Interviewee Name: Mary Schnack
Company Name: Mary Schnack & Associates
Avil Beckford: Tell me a little bit about yourself.
Mary Schnack: I was born on a farm in Iowa, played basketball in school, and was a journalism major in college. I was a practicing journalist for eight years before I went into public relations. Now I have my own public relations consulting business. I’m based in the Washington DC area after living in Los Angeles and Arizona for almost 35 years. And I also travel around the world doing speaking engagements and communications training: Business communication training like PR, media training, crisis communications, and branding at conferences, and seminars that are particularly set up for a business audience or for women’s groups.
Avil Beckford: How do you integrate your personal and professional life?
Mary Schnack: I’m glad you use the word integrate because I really hate the word work-life balance because I do think it’s work-life integration. I work hard and I play hard. I think my biggest problem is I don’t give myself much downtime. I definitely schedule time for friends and I’m a big movie goer. I’m big at doing things outdoors, I love sports, watching them as well as participating, and I make sure I carve out time to do those things that I love to do.
Avil Beckford: What are five life lessons that you have learned so far?
- How important teamwork is. I totally depend on my friends for my life and value them tremendously.
- Advocate, not to sit back and complain about what’s going, but to get out and advocate, whether it’s for yourself, or your child, for your community. Look at what needs to be done, be active and be involved.
- Celebrate when things go well. Take the time to celebrate that things are going well, that you have a success today, that you impacted somebody’s life or whatever that might be.
- Bounce back. Being a seven-time cancer survivor I can’t wallow in my grief, I need to bounce back and keep moving on. Sometimes the message I give myself is just to put one foot in front of the other. Simplify that message however you need to. Some days that message for me is what got me out of bed rather than pulling the sheet over my head.
- Continue to learn. Be open to learning and to education and be open to differences.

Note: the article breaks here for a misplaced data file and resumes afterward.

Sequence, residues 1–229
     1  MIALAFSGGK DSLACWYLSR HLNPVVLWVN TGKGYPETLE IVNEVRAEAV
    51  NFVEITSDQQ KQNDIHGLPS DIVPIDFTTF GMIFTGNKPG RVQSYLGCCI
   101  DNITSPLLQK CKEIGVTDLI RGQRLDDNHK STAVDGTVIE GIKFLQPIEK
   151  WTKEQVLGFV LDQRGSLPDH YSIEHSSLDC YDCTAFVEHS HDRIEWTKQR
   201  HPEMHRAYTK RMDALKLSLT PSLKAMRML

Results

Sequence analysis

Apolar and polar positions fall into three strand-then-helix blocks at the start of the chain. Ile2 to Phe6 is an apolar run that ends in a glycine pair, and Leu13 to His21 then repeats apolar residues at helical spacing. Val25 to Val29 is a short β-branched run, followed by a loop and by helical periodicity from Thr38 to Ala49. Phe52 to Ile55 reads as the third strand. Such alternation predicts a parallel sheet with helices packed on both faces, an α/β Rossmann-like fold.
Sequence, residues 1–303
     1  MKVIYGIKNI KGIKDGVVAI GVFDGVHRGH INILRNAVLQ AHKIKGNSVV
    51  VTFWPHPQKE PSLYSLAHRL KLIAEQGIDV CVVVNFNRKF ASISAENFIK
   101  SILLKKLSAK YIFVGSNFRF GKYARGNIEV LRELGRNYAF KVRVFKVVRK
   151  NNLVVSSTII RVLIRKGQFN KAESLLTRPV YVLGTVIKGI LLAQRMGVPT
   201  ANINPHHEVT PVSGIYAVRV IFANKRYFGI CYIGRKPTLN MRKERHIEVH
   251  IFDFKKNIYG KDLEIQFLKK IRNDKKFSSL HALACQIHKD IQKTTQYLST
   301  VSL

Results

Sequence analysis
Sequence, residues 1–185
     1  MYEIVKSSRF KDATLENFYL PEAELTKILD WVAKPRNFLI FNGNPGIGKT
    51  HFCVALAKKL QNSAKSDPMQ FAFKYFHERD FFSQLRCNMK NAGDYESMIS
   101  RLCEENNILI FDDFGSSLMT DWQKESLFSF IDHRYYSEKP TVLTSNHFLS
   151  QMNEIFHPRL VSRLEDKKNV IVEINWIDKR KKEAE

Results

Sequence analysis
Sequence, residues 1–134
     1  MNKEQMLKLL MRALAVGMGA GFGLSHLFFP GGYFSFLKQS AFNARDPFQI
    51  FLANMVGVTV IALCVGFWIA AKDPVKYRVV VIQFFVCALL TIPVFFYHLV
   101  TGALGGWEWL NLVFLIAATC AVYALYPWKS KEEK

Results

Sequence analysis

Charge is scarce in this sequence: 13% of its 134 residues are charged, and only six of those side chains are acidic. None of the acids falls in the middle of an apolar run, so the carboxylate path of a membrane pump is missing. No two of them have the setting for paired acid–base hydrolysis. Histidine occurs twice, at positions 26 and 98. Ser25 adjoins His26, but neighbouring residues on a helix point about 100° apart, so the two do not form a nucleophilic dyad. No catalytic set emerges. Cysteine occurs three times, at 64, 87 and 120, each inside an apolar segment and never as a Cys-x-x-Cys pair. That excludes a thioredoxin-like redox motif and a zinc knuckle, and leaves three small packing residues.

Avil Beckford: When you have some down time, how do you spend it?
Mary Schnack: I go to a lot of movies. I really enjoy independent films and documentaries so I love going to the festivals. I like being outdoors. I think nature has a tremendous healing power and the good endorphins to just really lift your spirit. I love it, experiencing different cultures, so as much as I can when I travel, I will make sure that I really have a cultural experience. And then just being with friends and having great discussions, that’s a great deal of inspiration for me.
Avil Beckford: What process do you use to generate great ideas?
Mary Schnack: Brainstorming! Having that mentor, having that business coach, having a partner or a good friend and brainstorming. I think that’s where the best ideas come from.
Avil Beckford: What’s your favourite quotation and why?
Mary Schnack: My favorite quotation is from Madeline Albright which says basically, shame on women who don’t lift up other women. And I think that that’s so true, and then Katharine Graham who was the head of the Washington Post-Newsweek also had a quote that said to “Enjoy what you do, what more matters,” and I greatly feel that way that I have to look forward to each day and fortunately I have work. I created that work so I’m excited about what I’m doing.
Avil Beckford: How do you define success?
Mary Schnack: Inner peace and happiness, and for me a thriving child. I don’t think I could have inner peace and happiness if my child didn’t have the same, so you are at one with yourself, and you’re happy.
Avil Beckford: In your opinion what’s the formula for success?
Mary Schnack: Keep putting one foot in front of the other and looking for the all the positive things out there because no matter how negative things are, there are positive things going and just celebrating in that joy of what’s happening.
Avil Beckford: What are the steps you took to succeed in your field?
Mary Schnack: I was a good writer so I had a lot of the basics, and I was a creative thinker. I would say those are the two things that have helped the most with success.
Avil Beckford: What advice do you have for someone just starting out in your field?
Mary Schnack: They should have some good basic business skills. Not that they necessarily need to have all the skills, but whether it’s finance, writing or strategic planning, strategic thinking. They have to have some good basics as their foundation and then to go out and network and meet people, and talk and explore. I think those would be the most important things.
Avil Beckford: If trusted friends could introduce you to five people that you’ve always wanted to meet, who would you choose? And what would you say to them?
- Hillary Clinton: I would ask her what she thinks the timeline might be for women’s growth in equality, for women to grow to an equal seat at the table, what other steps need to be taken, what are the most important step for us to take to do that.